Ashli Stokes, University of North Carolina Charlotte – Thanksgiving Food and Gratitude
Food is the main event of most Thanksgivings.
Ashli Stokes, associate professor in the department of communication studies at the University of North Carolina Charlotte, discusses the importance of preparing something tasty for your family to enjoy this holiday.
Dr. Ashli Quesinberry Stokes is an Associate Professor of Communication Studies and the Director of the Center for the Study of the New South at the University of North Carolina at Charlotte. Dr. Stokes teaches a variety of public relations courses at the undergraduate and graduate level and directs the Department’s Honors Program. Her courses include principles of public relations, public relations strategy & campaigns, issues management, and health communication campaigns. Her award-winning research specializes in using rhetorical approaches to analyze public relations and public communication controversies, often concerning activism and corporate advocacy. Along with co-authoring Consuming Identity: The Role of Food in Redefining the South (with Wendy Atkins-Sayre) and Global Public Relations: Spanning Borders, Spanning Cultures(with Alan R. Freitag) Stokes has published in the Journal of Public Relations Research, Journal of Communication Management, Public Relations Review, the Southern Communication Journal, Studies in Communication Sciences, and theEncyclopedia of Public Relations, among others. Upon the completion of her master’s degree at Wake Forest University, she worked in public relations. Stokes then returned to academia and completed her doctorate at the University of Georgia in 2004.
Thanksgiving Food and Gratitude
If you have been asked to make a specific dish for Thanksgiving, be honored, not bothered. Research suggests that making your famous green bean casserole might help you to critically reflect on your culture and traditions while remaining grateful for them. While food means nutrition, we also build family, community, and cultural memories around it. Food acts rhetorically, with what we choose to eat and serve sending distinct messages.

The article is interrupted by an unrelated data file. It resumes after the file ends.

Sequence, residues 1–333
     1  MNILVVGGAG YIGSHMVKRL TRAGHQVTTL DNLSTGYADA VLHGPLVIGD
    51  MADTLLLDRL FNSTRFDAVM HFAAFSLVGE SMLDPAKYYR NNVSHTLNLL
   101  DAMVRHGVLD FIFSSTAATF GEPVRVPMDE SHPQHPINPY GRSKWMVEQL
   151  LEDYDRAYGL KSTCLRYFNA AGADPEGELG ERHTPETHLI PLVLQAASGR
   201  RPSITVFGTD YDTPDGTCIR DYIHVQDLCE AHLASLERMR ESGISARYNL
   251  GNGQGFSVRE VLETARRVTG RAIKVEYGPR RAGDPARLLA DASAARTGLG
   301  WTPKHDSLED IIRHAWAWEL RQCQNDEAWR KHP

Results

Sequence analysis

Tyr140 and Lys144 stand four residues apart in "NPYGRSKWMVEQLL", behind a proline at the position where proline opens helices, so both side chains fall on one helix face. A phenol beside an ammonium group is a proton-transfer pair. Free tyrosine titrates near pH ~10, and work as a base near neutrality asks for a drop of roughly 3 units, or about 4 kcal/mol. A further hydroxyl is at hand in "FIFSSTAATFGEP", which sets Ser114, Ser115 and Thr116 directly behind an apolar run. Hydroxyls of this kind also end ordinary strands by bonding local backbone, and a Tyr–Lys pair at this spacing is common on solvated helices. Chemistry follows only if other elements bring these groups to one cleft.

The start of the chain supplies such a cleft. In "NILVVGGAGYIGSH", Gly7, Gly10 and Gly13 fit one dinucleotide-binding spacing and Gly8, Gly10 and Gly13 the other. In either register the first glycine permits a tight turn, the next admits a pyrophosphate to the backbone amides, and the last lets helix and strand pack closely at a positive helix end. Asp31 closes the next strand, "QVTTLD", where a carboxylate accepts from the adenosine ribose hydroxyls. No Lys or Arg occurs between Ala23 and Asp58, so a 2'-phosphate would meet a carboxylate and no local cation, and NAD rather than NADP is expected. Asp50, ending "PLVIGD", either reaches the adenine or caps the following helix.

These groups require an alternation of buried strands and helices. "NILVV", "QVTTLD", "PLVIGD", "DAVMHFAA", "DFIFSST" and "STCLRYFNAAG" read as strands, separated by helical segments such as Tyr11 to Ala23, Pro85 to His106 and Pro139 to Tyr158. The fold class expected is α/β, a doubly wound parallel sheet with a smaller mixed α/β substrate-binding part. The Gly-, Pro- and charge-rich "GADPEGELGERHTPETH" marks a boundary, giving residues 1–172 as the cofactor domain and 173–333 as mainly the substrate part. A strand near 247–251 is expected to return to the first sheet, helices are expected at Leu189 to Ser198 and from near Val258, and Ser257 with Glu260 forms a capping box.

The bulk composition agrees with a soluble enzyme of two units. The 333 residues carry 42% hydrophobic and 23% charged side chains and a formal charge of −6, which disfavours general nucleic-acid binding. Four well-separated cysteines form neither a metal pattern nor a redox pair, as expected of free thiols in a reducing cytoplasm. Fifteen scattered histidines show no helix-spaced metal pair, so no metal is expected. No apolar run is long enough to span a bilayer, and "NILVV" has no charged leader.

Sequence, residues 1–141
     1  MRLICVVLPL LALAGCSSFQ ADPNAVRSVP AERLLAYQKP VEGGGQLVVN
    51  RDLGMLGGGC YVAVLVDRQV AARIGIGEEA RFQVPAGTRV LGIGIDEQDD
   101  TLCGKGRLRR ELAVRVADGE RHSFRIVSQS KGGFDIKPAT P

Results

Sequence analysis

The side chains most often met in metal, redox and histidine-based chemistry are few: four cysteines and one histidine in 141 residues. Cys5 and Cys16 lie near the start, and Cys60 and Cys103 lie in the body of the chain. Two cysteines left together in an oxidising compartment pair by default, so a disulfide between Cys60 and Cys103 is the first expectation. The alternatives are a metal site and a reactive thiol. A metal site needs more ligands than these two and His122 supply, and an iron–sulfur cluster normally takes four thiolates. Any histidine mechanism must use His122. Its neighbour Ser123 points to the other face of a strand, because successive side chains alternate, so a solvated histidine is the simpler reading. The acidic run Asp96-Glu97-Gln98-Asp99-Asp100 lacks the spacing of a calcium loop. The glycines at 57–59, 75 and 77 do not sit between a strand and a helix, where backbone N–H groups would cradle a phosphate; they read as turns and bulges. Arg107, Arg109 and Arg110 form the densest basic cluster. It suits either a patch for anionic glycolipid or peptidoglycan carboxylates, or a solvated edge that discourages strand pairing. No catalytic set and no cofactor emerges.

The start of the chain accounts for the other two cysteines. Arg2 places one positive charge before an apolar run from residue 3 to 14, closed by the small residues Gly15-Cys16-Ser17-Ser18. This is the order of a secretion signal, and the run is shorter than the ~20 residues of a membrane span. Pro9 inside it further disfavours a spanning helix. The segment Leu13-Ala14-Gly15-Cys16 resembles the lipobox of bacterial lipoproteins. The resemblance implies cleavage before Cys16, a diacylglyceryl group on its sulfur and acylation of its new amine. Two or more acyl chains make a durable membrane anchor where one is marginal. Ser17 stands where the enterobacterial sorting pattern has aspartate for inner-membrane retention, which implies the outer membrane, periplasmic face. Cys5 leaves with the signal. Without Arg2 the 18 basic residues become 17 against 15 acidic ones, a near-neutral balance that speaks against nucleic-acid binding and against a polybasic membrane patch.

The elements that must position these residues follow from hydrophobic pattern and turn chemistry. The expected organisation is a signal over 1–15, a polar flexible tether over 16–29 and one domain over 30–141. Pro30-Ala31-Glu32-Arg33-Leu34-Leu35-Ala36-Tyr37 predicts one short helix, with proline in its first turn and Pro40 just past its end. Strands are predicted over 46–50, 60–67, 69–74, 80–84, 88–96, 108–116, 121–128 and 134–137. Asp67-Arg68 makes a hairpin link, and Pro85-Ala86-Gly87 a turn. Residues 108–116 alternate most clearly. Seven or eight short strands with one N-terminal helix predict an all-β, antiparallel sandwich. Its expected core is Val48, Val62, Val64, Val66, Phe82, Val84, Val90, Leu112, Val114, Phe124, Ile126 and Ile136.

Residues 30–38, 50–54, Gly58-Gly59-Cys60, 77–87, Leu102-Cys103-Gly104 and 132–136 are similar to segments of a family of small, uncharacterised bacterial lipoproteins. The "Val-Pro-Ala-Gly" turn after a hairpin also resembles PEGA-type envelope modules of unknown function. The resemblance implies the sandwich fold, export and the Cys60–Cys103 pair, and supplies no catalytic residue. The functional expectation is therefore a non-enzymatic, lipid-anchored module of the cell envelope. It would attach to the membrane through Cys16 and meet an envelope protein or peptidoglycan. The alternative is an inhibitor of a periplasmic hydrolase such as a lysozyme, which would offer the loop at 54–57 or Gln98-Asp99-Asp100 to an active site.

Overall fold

The phrase “you are what you eat” may be cliché, yet there is truth in saying that food crafts part of who we are. When we watch a family member make the dressing (or stuffing, depending on where you are from), we are watching a ritual. The cook reenacts cultural practices that shape how we see others and ourselves and whether we identify with certain roles. Thanksgiving meals connect one generation to the next, bringing us together around a shared experience. We learn about who we are and who our families are, even through arguments about whether to cook the dressing in the turkey.
Food stories can open up dialogue. At regional restaurants, people of varied race, ethnicity, and class come together to experience a culture through its food. Even if they don’t know initially that they are connected, they are. In the American South, for example, corn that is ground into cornmeal for cornbread also forms the basis of tortillas for Mexican restaurants that increasingly dot Southern towns. Food emphasizes these common backgrounds, even if people feel they share nothing else. So eat your turkey or just the green beans if you are vegetarian. Talk about how the meal is made, who cooked what, and what it means to you. Your family members and friends gathered around the table might find that despite all your differences, you feel a shared sense of gratitude.